15 Songs, 1 Hour 7 Minutes

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Ratings and Reviews

An incredibly talented band

G Gary Harris

There are a number of superlative adjectives one could use to describe this album, but perhaps the thing that strikes the listener as most egregious is just how talented the individual members of the band are. Everything about the performers - and the album - smacks of tier 1, first rate musicianship.

The tightness in execution comes through on every track, and particularly in numbers where the guitar and keys are interlocked in elegant duets which meander through various modes and time signatures. While undoubtedly intricate and nuanced, the music remains accessible to any listener, showcasing the band's ability ot write music which is rooted in the most desirable of ingredients: great melodies, grooves, etc. The instrumental breaks between the lyrics always seem perfect for the songs (i.e., "Building a Machine", which features curious "metallic" timbres to simulate the building of the eponymous contrivance. Out of these timbres, the guitar emerges - perfectly mixed - just before a key change heralds the return to the chorus - brilliant!)

The keyboard playing also warrants mention - clearly, Mark Focarile is a student of classical and baroque styles in addition to his prodigious familiartiy with the prog idiom. Note his solo towards the middle of "Digital Warrior", which features intricate polyphonic counterpoint that evokes Jordan Rudess or Michael Pinella, but sounds anything but derivative. Whether playing a straight piano sound or using a square or sawtooth lead (or a rock organ, as in "2001"), he seems to always have the right timbre for the given moment in a piece.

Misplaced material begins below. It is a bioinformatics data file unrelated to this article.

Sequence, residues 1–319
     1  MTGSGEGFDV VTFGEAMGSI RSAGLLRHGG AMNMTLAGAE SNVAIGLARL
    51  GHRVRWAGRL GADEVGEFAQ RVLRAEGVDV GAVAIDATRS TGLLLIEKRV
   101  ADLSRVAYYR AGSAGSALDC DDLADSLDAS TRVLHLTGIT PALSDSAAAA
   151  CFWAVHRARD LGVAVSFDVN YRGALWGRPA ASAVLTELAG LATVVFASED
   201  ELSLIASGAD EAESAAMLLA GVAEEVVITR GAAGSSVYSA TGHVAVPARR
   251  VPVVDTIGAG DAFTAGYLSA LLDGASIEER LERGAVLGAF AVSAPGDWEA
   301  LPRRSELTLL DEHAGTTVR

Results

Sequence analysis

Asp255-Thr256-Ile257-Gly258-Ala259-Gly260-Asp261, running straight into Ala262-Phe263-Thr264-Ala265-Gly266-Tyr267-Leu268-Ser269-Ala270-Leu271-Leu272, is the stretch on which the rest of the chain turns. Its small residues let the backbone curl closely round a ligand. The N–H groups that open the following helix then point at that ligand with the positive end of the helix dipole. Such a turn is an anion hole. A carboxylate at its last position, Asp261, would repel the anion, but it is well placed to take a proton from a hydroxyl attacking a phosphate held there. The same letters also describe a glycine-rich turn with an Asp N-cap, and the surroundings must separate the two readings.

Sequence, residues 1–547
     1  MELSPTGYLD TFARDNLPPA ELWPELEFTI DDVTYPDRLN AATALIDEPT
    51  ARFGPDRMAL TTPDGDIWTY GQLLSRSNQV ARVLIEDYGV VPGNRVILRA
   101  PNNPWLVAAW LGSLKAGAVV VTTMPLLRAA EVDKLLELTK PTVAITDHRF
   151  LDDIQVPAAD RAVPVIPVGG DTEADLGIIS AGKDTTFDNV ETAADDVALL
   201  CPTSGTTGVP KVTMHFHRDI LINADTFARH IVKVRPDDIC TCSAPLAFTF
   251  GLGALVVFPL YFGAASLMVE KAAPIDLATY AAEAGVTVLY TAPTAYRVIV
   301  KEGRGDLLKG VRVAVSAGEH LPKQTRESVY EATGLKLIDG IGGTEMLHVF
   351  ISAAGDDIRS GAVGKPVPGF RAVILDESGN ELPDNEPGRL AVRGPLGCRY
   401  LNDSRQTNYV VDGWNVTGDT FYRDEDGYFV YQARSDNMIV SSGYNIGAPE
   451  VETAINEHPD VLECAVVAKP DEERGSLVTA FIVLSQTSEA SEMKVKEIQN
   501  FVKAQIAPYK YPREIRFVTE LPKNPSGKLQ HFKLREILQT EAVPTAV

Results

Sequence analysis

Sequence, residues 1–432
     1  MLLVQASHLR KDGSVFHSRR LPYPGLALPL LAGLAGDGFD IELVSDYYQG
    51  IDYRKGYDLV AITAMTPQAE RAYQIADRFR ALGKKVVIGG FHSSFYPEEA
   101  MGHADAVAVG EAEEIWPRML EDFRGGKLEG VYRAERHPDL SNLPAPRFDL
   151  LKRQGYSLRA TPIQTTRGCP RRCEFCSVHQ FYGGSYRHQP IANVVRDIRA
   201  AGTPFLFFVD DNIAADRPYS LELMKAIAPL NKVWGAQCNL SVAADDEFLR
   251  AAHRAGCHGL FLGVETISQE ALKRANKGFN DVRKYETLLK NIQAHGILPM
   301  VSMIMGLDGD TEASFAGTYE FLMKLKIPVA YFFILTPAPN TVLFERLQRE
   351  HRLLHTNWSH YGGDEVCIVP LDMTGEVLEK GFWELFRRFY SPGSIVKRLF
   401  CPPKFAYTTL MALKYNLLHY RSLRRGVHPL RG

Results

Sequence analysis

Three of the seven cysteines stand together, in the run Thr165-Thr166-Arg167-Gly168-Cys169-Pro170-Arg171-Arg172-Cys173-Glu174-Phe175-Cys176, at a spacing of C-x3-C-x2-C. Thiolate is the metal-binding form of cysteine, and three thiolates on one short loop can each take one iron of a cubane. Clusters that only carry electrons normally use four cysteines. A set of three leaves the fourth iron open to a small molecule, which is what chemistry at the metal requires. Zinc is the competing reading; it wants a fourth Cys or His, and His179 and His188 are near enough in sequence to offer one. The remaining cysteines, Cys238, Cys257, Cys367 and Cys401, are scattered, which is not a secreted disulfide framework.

Lastly, the vocals: Dave Alley's performance here can only be summed up as a tour-de-force. His multitracked harmonizations are always interesting - often inflecting modal hints before the band confirms them. Rather than conventional parallel thirds and sixths, Dave often opts for unusual intervals and rhythms which bring out a certain polyphonic effect in certain tracks. On some tracks one hears him doubling himself in the 5th octave, evoking James LaBrie's work in "Strange Deja Vu." The effect is an unusual one and is an example of the kind of thing that makes this album a truly first-rate record.

Hats off to MMZ for a triumphant effort. I can't wait to hear these guys play it live!

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